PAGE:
Friday, April 27, 2007

Fluffy and Tuffy

Fluffy and Tuffy live around the corner in a big old house with a big yard behind a long white picket fence. Tuffy is a mellow guy. Almost never barks. Fluffy likes to bark at dogs who pass by her fence. You never can tell from a name, no?
They've been exhausted lately supervising the workers improving their house's foundation. It's quite a job their person said yesterday since the house was built and lived in by the chief stonemason for the first buildings at Stanford University. Lots of solid limestone blocks. Not like the thin facing stone many people put on concrete and rebar things today.
Their person also has the best solution for the western tussock moth invasion. They have a big old oak tree that was full of them. The person took a garden hose to their second floor and just hosed them off. Smart lady, no?

Thursday, April 26, 2007

Walls and Reality

Alice has been thinking about caterpillars and walls. A neighbor has been out on caterpillar patrol. Finds and squashes at least 100 each day. There is just nothing that eats those western tussock moths and the people have planted too many good things for them to eat like fruit trees and roses. Winter was unusually dry here letting more of them make it to Spring. What to do?
Alice has committed to save her apricot trees and four rose bushes. Two roses are lost, one is limping along. She said those three weren't doing well anyway. They never got enough sun once the sycamore leafed out. Darwinism. Inevitablity. Alice will dig out those roses, go to the local nursey and ask what flowers are not tasty to caterpillars. (That or have the closest main host plants of the caterpillars - a 300+ year old oak and that 60+ year old sycamore removed.)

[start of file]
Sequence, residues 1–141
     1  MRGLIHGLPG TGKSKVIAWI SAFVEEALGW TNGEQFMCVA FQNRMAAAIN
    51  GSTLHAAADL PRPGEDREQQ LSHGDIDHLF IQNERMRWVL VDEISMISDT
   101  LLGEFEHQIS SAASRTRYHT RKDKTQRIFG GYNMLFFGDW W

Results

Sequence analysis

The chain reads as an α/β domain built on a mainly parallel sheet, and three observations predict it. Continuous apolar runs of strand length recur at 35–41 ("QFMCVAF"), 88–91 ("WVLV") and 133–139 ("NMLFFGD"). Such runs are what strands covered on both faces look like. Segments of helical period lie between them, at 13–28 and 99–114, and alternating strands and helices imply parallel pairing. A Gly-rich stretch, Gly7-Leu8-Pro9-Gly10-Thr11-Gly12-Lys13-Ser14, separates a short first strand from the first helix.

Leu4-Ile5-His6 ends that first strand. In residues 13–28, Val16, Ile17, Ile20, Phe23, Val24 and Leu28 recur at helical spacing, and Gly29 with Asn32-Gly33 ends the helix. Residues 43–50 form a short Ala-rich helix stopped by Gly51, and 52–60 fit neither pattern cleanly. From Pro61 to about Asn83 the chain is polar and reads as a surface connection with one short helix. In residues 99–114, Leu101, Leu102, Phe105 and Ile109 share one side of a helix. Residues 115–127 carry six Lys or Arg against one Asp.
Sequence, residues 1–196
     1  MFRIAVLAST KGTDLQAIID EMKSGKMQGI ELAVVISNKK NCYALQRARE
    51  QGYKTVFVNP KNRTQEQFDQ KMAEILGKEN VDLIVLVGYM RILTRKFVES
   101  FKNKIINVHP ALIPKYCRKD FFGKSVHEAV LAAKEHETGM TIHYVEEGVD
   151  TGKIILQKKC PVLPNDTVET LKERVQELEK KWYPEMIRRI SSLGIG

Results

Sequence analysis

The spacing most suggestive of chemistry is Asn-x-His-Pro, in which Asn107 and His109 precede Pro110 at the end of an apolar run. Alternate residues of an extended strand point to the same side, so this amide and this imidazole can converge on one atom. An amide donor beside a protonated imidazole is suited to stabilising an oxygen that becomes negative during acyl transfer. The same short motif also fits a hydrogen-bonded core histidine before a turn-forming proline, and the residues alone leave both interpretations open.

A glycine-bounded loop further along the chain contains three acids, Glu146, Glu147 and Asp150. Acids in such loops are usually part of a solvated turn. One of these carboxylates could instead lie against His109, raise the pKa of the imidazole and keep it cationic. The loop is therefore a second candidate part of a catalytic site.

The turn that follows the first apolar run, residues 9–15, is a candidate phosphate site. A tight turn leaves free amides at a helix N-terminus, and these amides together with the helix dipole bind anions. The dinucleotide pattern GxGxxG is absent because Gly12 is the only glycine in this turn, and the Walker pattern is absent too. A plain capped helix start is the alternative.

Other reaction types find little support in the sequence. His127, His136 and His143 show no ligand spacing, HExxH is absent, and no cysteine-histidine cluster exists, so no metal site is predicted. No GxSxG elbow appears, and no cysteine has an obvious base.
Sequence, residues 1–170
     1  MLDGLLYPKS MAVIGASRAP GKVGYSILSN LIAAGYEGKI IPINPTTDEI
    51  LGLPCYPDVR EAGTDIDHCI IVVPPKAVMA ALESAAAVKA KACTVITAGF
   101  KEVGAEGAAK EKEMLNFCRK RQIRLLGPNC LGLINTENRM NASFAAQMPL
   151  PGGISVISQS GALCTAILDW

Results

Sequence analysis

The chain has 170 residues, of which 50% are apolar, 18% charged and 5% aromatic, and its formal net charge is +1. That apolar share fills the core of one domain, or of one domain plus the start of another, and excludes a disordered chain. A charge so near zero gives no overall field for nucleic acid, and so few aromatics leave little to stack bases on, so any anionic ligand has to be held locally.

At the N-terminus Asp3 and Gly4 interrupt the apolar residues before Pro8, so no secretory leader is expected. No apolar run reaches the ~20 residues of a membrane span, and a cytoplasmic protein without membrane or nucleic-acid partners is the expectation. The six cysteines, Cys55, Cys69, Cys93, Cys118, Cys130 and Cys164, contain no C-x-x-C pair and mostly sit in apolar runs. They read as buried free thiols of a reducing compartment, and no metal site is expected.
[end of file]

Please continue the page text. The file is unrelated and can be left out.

Here is another "caterpillar" war zone of sorts. A view from the west of Mexicali and Calexico, the two towns on the California/Mexico border in the distance. Yep. Cal[ifornia M]exico and vice versa. That was deliberate by the cities' founders. They knew they would be forever connected. One can see several highways: paved ones, arroyos and dirt roads for the pedestrians, and the rivers for the boaters.
Neither town was there in 1899. In 1900, some American businessmen "bought" permission from Porfirio Diaz, the then ruler of Mexico, to take water from the Colorado River at the international border and divert it north to create new farmland in the USA (a.k.a. "progress", money and Congressional votes). A couple of years later, another American, the owner of the Los Angeles Times, had canals built to create a smallar amount of farmland south of the border, but most of the water still went to the northern side.